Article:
When Gila Hashkes arrived at UC Berkeley as a Jewish Agency Israel Fellow, she felt like she was jumping into the heart of pro-Palestinian activism. Her job was to organize Jewish students on campus, strengthen their connection to Israel and give them tools to justify its policies. But after a year-long journey of digging deeper into the conflict, being pushed by both her Jewish and Palestinian peers and glimpsing the ‘mentality of fear’ that grips the American Jewish community, she had an awakening of sorts, moved back to Jerusalem and now works for equal rights for all. Tom Pessah sits down with her and explores the transformation.
By Tom Pessah
Can you talk a little bit about your background?
I’m 28-years-old. My extended family includes a whole range of skullcaps and scarfs, especially knitted skullcaps from Bnei Akiva (a national-religious youth movement). Some are Bennett-style settlers. My close family is national religious. Sabbath was Sabbath; today they’re a bit less observant. I grew up in a religious high school. My matriculation exams were in Gemara (a part of the Talmud consisting primarily of commentary on the Mishna), and I was part of Bnei Akiva. My rebellion was going to the army instead of doing national service, in order to be a strong feminist.
How did you get to be the Israel fellow in Berkeley?
After the army I got my bachelor’s degree in business management and communication. I worked in an advertising agency – I hated the advertising world. I felt I was advertising things that were devoid of any content, selling my soul to the devil. And then a friend suggested that I become an emissary (Israeli government emissary abroad), to market something I believe in, with a purpose. The purpose is strengthening the State of Israel. My brother joined the army, and in my mind he went to fight on the battlefront, whereas my strengths are in marketing – so I’m going to fight in the battlefield of Hasbara.
My first year was in Mobile, Alabama, and there it was mainly preaching to the choir – Christian evangelists who ask “why doesn’t Israel take down the Dome of the Rock and build the Third Temple?” I got a bit scared feeling these were our main donors. Alabama is a shopping center of religions, the Bible Belt – so many are converts who just recently joined Judaism. For me, the purpose is to convince them to join programs like MASA and Birthright. This is how emissaries are judged – to send as many students as possible to those programs. I look at them and say: the Israeli Chief Rabbinate doesn’t recognize them as Jews, but the State of Israel is going to tell them “Make Aliyah, you can live here, for sure.” It looked strange to me, this idea of Jewish nationhood – my brother is in the army, and this wealthy American will come here from Alabama and we’ll pay for his absorption “basket” (grant). But that didn’t particularly shake my convictions.
Even so, I didn’t feel fulfilled. I wanted to go to UC Berkeley. It was right after the 2010 divestment campaign to pull University of California funds from companies profiting from the occupation. I met the fellow there at a conference and she told me what was going on in Berkeley. I went red. How are Jews and Israelis speaking like this [criticizing Israel]? I felt I had the capabilities to change this. I did some research online and I learned about all the different groups. I got trained by the Jewish Agency, how to take things that people say and make a “salad” out of them, like a mix, in order to appear more just. The consulate and the Jewish Agency brought us experts like Neil Lazarus, Ben-Dror Yemini. If someone starts to ask you “why do you put the children of Gaza in the world’s biggest prison camp?” you tell them “Thank you for your question, sir, but that is not the issue: what about the children in Sderot?” They assumed that anyone who’s in this room with them doesn’t need the basis of the “why” but only the “how” to know how to spin the subject around.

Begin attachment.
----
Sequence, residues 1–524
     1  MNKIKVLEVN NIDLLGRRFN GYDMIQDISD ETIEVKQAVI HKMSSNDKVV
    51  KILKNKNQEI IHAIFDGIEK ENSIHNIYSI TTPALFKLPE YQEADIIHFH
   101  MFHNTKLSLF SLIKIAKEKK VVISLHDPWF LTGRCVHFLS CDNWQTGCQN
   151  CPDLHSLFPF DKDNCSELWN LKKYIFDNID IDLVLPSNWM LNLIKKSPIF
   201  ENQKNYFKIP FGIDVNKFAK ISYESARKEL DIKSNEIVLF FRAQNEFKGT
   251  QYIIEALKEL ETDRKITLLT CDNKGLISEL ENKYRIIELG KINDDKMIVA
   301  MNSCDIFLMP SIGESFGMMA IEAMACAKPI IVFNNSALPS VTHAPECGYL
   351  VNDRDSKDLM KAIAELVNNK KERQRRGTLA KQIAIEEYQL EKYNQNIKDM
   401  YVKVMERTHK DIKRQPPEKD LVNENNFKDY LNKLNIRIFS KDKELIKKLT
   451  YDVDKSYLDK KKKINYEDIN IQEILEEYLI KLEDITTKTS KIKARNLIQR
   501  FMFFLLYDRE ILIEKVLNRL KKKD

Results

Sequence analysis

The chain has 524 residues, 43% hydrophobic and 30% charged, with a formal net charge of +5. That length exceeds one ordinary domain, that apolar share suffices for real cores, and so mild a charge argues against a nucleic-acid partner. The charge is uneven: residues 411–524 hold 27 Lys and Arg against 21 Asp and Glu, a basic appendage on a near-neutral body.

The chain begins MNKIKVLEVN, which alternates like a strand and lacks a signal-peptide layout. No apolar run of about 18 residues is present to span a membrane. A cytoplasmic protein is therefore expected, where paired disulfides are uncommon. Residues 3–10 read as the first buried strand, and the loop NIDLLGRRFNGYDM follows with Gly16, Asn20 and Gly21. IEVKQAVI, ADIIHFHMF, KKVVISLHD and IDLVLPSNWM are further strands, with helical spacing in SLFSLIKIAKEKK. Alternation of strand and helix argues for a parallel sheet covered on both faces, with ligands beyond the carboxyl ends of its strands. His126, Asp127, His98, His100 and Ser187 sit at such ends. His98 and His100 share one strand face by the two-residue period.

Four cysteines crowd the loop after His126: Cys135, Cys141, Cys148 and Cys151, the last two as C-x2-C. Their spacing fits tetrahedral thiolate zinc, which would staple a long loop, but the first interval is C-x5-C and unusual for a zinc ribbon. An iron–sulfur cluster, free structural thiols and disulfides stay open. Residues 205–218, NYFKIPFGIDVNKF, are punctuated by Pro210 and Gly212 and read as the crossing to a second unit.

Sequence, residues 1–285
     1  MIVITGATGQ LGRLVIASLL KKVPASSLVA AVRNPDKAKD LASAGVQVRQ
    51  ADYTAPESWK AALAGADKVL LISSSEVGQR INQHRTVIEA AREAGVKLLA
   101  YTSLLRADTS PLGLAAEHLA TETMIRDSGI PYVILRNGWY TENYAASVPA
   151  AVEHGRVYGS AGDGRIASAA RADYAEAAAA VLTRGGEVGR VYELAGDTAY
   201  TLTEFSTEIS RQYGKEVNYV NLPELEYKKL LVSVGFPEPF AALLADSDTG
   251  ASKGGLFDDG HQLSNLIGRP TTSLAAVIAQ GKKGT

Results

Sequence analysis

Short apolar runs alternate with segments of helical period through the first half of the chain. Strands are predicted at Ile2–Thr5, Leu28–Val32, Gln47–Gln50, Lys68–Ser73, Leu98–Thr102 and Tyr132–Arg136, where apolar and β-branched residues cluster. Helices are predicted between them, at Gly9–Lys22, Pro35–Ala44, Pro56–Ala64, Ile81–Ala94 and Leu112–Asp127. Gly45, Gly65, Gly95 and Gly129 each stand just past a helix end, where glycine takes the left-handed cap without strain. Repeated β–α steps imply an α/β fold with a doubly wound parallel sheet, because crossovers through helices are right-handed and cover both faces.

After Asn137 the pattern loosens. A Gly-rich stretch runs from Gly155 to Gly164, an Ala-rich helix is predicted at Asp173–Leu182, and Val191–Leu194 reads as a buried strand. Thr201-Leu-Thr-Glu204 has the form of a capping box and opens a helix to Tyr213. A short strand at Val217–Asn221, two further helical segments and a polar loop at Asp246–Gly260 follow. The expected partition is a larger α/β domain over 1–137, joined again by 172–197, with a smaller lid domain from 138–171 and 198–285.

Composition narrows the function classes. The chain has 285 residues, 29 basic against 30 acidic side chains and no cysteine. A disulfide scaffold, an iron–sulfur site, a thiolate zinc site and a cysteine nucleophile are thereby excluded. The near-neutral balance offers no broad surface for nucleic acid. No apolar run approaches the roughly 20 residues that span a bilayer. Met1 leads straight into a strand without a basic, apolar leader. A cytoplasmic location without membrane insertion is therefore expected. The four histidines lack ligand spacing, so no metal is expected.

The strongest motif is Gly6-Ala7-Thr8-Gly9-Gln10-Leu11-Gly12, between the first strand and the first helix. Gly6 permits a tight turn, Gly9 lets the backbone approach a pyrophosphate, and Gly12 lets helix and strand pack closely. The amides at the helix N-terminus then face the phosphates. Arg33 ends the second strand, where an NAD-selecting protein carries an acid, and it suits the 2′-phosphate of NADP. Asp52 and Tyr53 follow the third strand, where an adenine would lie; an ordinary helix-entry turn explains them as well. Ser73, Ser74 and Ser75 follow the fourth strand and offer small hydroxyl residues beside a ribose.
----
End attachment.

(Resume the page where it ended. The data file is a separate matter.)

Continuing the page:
What were your expectations when you arrived at Berkeley?
After the training, I arrived in Berkeley, and I felt I was going to face Al-Qaeda, at the very least. I came partly undercover to the first annual meeting of Students for Justice in Palestine. I had a pen with a Star of David on it, which I received from the Jewish Agency. After someone asked for a pen and I gave it to him unnoticeably, I got really scared that they would discover I’m Jewish. I felt I was going to a dangerous place, which was how they made me feel. In retrospect that makes me laugh, since so many members in that movement are Jews.
You went through all sorts of changes in the year you were a fellow, no?
I started having questions. I wanted content, but I got fluff. I kept asking them to give me content. There was an event on campus about the Mavi Marmara. Fellows from other universities sent me YouTube clips, but they didn’t send me content. I felt like I needed to produce content myself, and I didn’t have content that was properly based. Because there isn’t one hard line, you keep people in some kind of a haze.